Use this URL to cite or link to this record in EThOS: https://ethos.bl.uk/OrderDetails.do?uin=uk.bl.ethos.777398
Title: Molecular and genetic analysis of signal transduction pathways underlying PR-1 expression in Arabidopsis
Author: Santamaria, Marjorie
Awarding Body: University of Edinburgh
Current Institution: University of Edinburgh
Date of Award: 2002
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Abstract:
Antimicrobial proteins are a key feature underlying the deployment of both pre-formed and inducible defence responses. Probably the most well characterised class are the pathogenesis related (PR)-proteins, which are found in both basic and acidic isoforms. This study describes the isolation and characterisation of a gene, designated AtPRBl, encoding a basic PRl-like protein from Arabidopsis. This protein showed high amino acid sequence identity with basic and acidic PR1 proteins from other plant species for example, PRB1 from Nicotiana tabacum and PR1 from Brassica napus, at 64% and 78% identity respectively. A genomic DNA fragment containing 2345 bp upstream from the putative transcriptional start site was fused to the gene encoding the luciferase (LUC) gene, in order to test for promoter activity. The resulting construct was transformed into Arabidopsis accession Col-0 and analysis of LUC activity, using an ultra low light imaging camera system, revealed that the AtPRBl promoter established an exquisite organ-specific expression pattern. LUC activity was observed in flowers, stems and roots but not in leaf tissue. Superimposed upon this organ-specific expression pattern was responsiveness, in root tissue, to ethylene (ET) and methyl-jasmonate (Me-JA), important cues during the establishment of plant disease resistance. In contrast, AtPRBl::LUC gene expression was repressed in response to salicylic acid (SA) treatment. Analysis of a limited series of AtPRBl 5'-promoter deletion mutants, identified a number of promoter regions important for both the establishment of organspecific expression and responsiveness to ET and Me-JA. While AtPRBl gene expression was not induced in response to an avirulent isolate of Peronospora parasitica in leaf tissue, this gene may contribute to constitutive resistance in other tissues and/or to Me-JA and ET dependent defence responses engaged against necrotrophic pathogens in root tissue. In the second part of this study, a population of 5000 activation-tagged lines was generated in a PR-1\.LUC genetic background to uncover novel systemic acquired resistance (SAR) mutants. The mutant screen involved imaging for constitutive LUC expression or absence of LUC expression after induction with the SA functional analogue, BTH. A set of five mutants displaying constitutive LUC activity were selected for further characterisation. Four mutants, designated esr2, esr3, esr5 and esr6 for enhanced systemic resistance, exhibited constitutive PR-1 gene expression and increased resistance to the virulent oomycete pathogen P.parasitica Noco2. Analysis of crosses between the lesion mimic mutant esr2 and other mutants that disrupt SA and JA/ET signalling showed that PR-1 expression in esr2 was largely but not strictly dependent on SA signalling. Furthermore, the ET- and JA-insensitive etrl and coil mutants were able to block PR-1 expression when introduced into esr2. Based on these results, ESR2 could act as a regulator of a signalling pathway that requires components of the SA, and JA/ET pathways. Further characterisation and cloning of esr mutants, should provide valuable insights into the function, structure and molecular interactions of novel genes involved in disease resistance.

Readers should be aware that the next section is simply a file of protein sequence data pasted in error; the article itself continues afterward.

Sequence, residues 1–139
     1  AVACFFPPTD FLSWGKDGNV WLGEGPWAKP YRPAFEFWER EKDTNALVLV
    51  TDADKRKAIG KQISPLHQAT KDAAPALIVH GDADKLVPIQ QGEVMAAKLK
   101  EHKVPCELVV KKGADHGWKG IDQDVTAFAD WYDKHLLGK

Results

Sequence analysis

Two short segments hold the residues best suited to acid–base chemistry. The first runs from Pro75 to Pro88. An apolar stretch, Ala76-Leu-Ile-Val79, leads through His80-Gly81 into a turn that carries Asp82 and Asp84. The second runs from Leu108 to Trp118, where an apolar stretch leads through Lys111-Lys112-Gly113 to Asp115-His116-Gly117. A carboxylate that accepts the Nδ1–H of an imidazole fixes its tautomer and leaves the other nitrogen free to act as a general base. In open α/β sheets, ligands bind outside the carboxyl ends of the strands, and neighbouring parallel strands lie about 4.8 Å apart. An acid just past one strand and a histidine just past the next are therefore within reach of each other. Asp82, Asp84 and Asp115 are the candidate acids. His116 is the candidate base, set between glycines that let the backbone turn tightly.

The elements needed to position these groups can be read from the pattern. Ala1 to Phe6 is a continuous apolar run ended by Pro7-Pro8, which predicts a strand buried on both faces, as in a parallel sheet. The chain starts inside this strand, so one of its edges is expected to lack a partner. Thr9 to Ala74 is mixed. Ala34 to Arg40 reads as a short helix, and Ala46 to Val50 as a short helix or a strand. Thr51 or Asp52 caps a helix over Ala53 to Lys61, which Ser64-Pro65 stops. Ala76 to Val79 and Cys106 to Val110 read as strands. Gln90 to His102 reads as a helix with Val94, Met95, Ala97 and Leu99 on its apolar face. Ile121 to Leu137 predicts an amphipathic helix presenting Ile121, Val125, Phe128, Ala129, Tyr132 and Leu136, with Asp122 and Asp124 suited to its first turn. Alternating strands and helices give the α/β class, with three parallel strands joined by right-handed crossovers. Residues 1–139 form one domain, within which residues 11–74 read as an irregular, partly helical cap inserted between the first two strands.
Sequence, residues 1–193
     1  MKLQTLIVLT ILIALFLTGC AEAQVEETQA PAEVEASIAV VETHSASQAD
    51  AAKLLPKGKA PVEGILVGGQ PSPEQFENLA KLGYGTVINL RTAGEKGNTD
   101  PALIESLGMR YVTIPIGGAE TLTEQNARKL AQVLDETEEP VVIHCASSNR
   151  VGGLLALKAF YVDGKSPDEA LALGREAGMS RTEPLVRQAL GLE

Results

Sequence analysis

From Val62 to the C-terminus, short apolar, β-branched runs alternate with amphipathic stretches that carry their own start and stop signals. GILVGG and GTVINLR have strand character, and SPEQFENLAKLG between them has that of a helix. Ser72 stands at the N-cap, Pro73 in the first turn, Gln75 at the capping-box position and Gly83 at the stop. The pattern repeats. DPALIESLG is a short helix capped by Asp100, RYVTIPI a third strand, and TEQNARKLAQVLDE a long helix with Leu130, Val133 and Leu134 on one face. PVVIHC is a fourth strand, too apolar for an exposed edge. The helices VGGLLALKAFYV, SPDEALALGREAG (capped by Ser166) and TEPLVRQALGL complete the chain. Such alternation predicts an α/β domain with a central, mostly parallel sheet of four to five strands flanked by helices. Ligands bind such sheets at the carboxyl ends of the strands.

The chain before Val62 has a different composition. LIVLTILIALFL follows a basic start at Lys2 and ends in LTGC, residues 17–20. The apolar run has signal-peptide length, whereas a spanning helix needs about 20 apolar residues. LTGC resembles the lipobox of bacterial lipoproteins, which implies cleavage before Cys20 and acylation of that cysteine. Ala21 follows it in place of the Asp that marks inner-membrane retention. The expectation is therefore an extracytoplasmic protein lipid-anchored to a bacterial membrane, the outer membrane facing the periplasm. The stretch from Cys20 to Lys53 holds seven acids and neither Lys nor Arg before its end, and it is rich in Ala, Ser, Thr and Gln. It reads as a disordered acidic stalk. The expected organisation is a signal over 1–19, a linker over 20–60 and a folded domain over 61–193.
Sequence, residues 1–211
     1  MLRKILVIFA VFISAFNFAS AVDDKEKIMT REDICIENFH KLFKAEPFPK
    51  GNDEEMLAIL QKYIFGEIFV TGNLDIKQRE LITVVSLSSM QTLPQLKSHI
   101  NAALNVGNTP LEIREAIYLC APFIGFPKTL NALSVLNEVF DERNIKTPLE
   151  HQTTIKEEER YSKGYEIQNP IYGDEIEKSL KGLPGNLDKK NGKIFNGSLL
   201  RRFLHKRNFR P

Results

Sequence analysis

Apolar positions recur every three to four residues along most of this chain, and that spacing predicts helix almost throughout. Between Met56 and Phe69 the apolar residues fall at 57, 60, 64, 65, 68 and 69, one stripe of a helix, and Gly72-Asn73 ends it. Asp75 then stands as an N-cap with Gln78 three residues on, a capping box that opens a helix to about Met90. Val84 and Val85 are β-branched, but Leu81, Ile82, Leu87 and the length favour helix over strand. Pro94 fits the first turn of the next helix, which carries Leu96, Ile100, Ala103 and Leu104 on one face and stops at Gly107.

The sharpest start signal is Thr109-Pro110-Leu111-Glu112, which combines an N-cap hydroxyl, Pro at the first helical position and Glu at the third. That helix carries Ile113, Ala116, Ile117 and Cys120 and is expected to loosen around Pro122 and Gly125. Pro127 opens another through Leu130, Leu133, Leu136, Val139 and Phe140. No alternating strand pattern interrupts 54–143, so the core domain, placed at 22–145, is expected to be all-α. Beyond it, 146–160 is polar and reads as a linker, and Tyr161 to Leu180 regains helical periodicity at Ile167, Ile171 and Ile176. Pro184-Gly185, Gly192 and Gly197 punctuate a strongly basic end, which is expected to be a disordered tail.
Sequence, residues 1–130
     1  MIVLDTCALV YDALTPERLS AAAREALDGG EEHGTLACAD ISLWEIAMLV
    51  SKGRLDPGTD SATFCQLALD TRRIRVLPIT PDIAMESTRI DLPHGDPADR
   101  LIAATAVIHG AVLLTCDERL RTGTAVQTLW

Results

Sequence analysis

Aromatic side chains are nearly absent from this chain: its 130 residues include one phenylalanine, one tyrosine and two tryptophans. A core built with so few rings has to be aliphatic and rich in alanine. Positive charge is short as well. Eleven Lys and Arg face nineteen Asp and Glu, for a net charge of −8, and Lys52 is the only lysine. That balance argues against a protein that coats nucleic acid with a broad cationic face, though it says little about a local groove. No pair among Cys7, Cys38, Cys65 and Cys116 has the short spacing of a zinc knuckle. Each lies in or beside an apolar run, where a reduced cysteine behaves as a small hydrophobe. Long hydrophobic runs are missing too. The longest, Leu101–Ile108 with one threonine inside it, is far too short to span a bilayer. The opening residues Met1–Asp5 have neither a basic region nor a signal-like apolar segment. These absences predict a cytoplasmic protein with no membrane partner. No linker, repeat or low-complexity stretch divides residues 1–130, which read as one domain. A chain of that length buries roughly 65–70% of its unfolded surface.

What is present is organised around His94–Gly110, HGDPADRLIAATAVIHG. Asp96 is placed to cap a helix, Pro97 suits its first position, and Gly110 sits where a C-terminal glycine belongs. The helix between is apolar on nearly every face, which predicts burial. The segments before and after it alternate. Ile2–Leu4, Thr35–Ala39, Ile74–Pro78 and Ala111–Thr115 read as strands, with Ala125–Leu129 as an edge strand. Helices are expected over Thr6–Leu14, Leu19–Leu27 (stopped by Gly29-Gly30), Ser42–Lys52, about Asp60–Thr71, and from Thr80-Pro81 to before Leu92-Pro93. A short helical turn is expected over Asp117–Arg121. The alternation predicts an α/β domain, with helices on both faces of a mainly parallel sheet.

Supervisor: Not available Sponsor: Not available
Qualification Name: Thesis (Ph.D.) Qualification Level: Doctoral
EThOS ID: uk.bl.ethos.777398  DOI: Not available
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